Match Group CEO, Bumble decry Texas law, start aid funds

Finance and Business
Whitney Wolfe Herd

FILE – In this Tuesday, April 23, 2019 file photo, Founder and CEO of Bumble, Whitney Wolfe Herd, speaks during the TIME 100 Summit, in New York. The Texas law, which took effect Tuesday, Aug. 31, 2021, after the Supreme Court denied an emergency appeal from abortion providers, bans abortions once medical professionals can detect cardiac activity, usually around six weeks and often before women know they’re pregnant. Austin-based Bumble, which is led by CEO Whitney Wolfe, spoke out against the law on social media. “Bumble is women-founded and women-led, and from day one we’ve stood up for the most vulnerable. We’ll keep fighting against regressive laws like #SB8,” Bumble said on Twitter. (AP Photo/Richard Drew, File)

NEW YORK (AP) — The chief executive of Tinder-owner Match Group has sharply criticized the new law prohibiting most abortions in Texas and says she is setting up a fund to help any Texas-based employees who need to seek an abortion outside the state.

Rival dating app Bumble also criticized the law and announced on Instagram it will donate funds to six organizations that support women’s reproductive rights.

Both companies are based in Texas and led by women.

Dallas-based Match Group said CEO Shar Dubey is creating the fund on her own and not through the company. She spoke out against the law in a memo to employees Thursday.

“I immigrated to America from India over 25 years ago and I have to say, as a Texas resident, I am shocked that I now live in a state where women’s reproductive laws are more regressive than most of the world, including India,” Dubey said in the memo.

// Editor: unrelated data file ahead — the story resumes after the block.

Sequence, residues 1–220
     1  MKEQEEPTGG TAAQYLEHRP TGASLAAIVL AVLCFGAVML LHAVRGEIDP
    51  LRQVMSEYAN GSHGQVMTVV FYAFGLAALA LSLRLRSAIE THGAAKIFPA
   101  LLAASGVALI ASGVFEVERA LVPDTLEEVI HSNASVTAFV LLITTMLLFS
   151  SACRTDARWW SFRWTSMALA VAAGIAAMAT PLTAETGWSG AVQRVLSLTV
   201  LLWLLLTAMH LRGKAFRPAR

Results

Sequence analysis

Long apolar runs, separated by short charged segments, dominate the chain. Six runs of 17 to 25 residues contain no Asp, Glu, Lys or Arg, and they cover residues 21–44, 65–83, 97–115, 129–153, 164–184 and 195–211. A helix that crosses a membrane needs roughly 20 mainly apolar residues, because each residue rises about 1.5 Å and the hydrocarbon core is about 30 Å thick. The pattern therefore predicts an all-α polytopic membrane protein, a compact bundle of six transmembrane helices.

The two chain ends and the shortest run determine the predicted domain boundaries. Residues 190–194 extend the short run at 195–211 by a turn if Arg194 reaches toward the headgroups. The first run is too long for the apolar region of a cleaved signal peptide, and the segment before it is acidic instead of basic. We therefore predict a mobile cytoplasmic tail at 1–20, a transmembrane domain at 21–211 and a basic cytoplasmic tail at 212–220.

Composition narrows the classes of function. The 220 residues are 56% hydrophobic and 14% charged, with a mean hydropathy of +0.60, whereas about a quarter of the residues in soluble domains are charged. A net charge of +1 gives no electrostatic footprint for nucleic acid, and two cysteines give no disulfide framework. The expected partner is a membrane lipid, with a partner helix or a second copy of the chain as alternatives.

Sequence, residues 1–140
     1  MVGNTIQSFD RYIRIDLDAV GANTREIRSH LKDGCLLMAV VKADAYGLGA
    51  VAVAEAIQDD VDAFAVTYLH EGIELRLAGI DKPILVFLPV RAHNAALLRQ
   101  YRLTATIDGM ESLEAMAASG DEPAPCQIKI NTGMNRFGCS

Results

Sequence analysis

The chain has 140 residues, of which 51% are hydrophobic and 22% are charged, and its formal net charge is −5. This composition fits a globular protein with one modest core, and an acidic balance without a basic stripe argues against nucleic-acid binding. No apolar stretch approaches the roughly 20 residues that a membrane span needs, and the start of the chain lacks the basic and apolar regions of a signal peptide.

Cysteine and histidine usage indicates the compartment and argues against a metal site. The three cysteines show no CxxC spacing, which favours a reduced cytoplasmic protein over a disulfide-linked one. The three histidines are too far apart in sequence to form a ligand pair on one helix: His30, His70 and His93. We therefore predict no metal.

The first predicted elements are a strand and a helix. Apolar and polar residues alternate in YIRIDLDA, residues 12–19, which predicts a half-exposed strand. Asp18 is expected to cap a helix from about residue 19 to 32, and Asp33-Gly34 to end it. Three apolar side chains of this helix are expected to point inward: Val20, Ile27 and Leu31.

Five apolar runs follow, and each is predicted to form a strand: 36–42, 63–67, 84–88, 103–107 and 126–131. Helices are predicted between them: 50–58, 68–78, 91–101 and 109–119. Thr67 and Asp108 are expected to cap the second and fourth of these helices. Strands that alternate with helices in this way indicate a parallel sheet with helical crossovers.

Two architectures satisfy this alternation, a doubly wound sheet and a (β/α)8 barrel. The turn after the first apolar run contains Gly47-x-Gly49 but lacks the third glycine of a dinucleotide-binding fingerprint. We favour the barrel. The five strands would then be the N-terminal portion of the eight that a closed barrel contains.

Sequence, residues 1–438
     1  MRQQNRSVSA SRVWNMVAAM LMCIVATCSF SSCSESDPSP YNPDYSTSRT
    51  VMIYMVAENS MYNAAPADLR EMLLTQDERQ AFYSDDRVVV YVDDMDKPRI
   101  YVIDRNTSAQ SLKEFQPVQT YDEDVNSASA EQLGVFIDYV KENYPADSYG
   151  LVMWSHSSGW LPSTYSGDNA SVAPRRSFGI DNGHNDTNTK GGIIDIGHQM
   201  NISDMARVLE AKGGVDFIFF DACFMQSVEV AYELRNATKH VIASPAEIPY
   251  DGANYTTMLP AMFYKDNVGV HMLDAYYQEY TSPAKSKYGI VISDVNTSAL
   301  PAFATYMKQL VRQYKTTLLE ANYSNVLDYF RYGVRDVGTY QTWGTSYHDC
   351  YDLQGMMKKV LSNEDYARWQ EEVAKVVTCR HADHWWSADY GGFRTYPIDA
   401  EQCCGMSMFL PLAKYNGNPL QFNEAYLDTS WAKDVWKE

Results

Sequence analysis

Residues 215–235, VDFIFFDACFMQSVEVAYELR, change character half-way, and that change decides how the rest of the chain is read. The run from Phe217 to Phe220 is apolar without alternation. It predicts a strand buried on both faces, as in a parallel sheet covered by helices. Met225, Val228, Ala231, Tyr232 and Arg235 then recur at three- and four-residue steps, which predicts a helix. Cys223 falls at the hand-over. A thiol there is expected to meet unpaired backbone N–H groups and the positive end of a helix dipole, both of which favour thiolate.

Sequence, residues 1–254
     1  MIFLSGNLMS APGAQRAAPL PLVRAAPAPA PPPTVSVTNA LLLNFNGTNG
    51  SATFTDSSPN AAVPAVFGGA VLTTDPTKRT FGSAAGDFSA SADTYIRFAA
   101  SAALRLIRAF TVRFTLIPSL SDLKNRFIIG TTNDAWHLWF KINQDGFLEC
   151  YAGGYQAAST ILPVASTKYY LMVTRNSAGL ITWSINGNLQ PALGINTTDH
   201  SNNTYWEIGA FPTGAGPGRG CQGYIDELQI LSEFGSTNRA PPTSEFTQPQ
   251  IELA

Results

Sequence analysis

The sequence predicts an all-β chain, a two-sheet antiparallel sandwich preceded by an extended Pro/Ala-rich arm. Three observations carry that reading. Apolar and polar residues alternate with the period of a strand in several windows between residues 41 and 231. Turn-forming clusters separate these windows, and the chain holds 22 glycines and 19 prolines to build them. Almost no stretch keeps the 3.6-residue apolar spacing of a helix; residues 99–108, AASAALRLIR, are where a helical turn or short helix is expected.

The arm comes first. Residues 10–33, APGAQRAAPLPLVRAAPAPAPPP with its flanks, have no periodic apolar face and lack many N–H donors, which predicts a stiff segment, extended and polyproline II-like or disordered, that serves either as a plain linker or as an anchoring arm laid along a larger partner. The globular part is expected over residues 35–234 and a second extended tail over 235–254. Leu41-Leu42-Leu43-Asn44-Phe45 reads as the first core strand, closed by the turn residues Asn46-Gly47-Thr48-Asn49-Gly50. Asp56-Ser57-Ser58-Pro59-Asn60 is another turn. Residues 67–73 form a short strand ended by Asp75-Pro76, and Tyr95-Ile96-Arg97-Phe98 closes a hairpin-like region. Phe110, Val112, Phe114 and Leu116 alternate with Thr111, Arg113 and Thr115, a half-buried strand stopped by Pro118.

Dubey said her fund would help cover any additional costs incurred by Match Group employees if they need to travel outside the state to seek an abortion.

Her statement came after Austin-based Bumble, which is led by CEO Whitney Wolfe, spoke out against the law on social media.

“Bumble is women-founded and women-led, and from day one we’ve stood up for the most vulnerable. We’ll keep fighting against regressive laws like #SB8,” Bumble said on Twitter.

The Texas law, which took effect Tuesday after the Supreme Court denied an emergency appeal from abortion providers, bans abortions once medical professionals can detect cardiac activity, usually around six weeks and often before women know they’re pregnant.

Rather than be enforced by government authorities, the law gives citizens the right to file civil suits and collect damages against anyone aiding an abortion. It does not make exceptions for rape or incest.

The law constitutes the biggest curb to the constitutional right to an abortion in decades.

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